Toxicity and efficacy of concurrent gemcitabine and radiotherapy for locally advanced pancreatic cancer
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Background. Gemcitabine and radiotherapy are a potent combination. A clinical assessment of the therapeutic ratio for locally advanced pancreatic cancer patients has not yet been reported.
Aim of Study. To assess the toxicity, survival, and pattern of failure of locally advanced pancreatic cancer patients treated with concurrent gemcitabine-based chemoradiation.
Patients and Methods. Between the dates of December 1996 and August 2000 51 patients with locally advanced unresectable adenocarcinoma of the pancreas were treated with concurrent gemcitabine and radiotherapy at MDACC. Patients received 250–500 mg/m2 of gemcitabine weekly ×7 over 30 min and 30–33 Gy in 10–11 fractions over two weeks to the primary tumor and regional lymphatics. Severe toxicity was defined as admission >5 d, mucosal ulceration, >3 dose deletions of gemcitabine or toxicity resulting in surgical intervention or that resulted in death.
Results. The median survival was 11 mo. Overall, 37 of 51 patients had objective evidence of local progression. The actuarial rate of local progression rate at 9 mo was 70%. The 9-mo distant metastasis rate was 52%. Tumors ≥ 10 cm2 had worse local control, distant control, and overall survival. Six patients underwent pancreaticoduodenectomy after therapy. After review of the imaging, only four of these patients had minimal arterial involvement, one was incorrectly staged, and one had initial inflammatory change on CT that resolved. Twelve of 51 (24%) patients suffered severe acute toxicity, and 17 of 51 (33%) patients were admitted for supportive care.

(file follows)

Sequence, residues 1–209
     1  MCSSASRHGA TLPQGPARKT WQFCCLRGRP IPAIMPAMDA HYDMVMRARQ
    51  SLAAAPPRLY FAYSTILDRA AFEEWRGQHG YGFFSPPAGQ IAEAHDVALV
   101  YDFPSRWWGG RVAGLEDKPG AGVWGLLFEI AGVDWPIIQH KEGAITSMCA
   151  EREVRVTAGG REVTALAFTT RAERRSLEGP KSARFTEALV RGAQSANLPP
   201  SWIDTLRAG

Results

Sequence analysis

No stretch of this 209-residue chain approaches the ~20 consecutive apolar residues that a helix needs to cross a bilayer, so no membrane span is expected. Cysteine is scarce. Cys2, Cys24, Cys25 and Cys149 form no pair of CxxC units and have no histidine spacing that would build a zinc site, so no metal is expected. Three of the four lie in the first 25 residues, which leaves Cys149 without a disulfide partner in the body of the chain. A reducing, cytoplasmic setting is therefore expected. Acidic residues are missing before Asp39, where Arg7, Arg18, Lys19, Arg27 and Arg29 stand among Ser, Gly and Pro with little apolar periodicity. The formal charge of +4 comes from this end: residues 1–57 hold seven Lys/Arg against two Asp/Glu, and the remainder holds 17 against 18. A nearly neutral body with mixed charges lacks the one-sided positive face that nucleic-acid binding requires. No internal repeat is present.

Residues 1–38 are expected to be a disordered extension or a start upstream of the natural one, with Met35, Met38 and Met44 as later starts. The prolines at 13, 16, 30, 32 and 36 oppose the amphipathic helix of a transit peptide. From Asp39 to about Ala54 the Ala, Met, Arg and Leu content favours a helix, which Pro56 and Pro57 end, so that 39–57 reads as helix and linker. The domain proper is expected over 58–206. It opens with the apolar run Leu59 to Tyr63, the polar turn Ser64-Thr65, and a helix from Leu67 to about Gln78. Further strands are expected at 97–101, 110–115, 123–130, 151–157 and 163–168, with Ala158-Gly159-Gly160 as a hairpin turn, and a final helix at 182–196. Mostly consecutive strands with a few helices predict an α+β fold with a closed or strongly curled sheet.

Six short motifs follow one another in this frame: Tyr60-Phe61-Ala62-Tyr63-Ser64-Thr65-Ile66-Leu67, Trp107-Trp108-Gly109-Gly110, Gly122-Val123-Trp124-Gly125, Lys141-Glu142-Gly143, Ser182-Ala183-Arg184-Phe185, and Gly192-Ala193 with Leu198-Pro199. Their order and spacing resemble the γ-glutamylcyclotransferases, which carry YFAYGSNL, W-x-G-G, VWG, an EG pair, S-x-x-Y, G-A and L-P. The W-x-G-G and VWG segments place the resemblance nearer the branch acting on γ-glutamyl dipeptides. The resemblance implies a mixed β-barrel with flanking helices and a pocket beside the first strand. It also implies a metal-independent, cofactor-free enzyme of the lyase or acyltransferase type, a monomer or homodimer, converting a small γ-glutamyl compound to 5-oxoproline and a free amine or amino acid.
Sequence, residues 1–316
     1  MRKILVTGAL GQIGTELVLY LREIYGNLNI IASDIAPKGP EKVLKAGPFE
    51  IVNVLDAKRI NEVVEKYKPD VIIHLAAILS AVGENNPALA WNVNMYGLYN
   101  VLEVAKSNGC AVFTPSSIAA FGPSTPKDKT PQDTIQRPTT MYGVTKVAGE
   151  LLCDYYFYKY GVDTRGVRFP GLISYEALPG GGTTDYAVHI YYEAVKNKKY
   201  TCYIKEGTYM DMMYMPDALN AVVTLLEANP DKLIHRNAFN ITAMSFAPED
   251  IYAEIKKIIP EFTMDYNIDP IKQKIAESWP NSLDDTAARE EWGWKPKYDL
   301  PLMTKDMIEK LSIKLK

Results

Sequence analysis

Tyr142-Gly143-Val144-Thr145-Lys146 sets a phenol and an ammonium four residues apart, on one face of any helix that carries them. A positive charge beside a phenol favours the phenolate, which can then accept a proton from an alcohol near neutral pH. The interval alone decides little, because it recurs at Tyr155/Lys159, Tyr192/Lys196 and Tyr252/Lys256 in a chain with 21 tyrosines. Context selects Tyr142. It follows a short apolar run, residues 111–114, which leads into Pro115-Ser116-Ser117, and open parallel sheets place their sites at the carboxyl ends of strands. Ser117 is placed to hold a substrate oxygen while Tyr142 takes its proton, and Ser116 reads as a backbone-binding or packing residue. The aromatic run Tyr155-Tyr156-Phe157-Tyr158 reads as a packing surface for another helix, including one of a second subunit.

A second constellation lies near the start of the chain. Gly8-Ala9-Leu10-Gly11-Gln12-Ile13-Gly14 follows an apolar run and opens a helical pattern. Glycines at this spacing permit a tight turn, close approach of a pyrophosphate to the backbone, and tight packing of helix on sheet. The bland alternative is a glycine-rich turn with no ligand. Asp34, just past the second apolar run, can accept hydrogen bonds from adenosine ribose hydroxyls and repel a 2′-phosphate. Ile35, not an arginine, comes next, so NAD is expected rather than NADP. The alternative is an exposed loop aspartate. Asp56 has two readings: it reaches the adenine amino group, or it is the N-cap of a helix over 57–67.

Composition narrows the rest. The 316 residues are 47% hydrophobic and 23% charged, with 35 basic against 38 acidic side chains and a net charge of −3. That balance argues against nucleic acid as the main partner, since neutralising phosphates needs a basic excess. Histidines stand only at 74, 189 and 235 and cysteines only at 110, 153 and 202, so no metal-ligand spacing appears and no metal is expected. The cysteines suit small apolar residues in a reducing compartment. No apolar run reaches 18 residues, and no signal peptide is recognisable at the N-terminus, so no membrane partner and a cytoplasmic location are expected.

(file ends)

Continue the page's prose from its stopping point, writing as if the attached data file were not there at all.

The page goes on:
Conclusion. Concurrent gemcitabine and radiotherapy can be a very difficult combination to administer safely. Our results do not suggest a prolongation of median survival for patients with localized pancreatic cancer treated with this therapy. It is possible that gemcitabine-based chemoradiation contributes to the margin-negative resectability of a small number of patients with minimal arterial involvement, but this benefit is obscured by the frequent toxicity encountered in most patients. Locally advanced pancreatic cancer patients should continue to be enrolled on prospective studies investigating novel combinations of cytotoxic and/or biologic agents with concurrent radiotherapy.
Key WordsPancreatic neoplasms radiotherapy gemcitabine unresectable
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